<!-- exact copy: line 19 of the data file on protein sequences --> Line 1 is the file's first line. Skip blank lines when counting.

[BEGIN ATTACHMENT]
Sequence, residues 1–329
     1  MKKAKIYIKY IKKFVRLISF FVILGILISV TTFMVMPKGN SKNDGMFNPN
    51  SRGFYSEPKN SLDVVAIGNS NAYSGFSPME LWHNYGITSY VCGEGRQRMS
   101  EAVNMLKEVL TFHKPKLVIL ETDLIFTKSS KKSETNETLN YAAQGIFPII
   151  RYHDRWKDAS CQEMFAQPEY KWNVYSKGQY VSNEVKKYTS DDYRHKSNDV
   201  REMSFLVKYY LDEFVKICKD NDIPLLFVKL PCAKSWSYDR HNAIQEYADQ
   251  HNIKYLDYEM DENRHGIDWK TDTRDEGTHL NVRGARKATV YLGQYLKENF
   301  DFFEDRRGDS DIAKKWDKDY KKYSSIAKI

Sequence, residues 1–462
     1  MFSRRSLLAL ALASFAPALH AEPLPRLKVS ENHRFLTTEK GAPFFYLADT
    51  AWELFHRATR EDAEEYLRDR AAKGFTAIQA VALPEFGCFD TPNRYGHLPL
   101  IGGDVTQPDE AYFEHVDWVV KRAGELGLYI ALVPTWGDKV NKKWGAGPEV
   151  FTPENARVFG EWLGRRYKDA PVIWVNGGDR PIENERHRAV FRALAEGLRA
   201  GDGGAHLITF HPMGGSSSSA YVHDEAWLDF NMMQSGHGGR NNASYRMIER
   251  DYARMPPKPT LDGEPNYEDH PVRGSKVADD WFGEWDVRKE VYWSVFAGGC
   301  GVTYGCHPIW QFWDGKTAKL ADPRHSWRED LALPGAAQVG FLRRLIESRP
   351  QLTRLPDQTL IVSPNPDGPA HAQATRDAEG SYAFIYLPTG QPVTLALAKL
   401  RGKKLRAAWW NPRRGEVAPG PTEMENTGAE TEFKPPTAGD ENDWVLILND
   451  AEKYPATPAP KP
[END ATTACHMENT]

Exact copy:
   451  AEKYPATPAP KP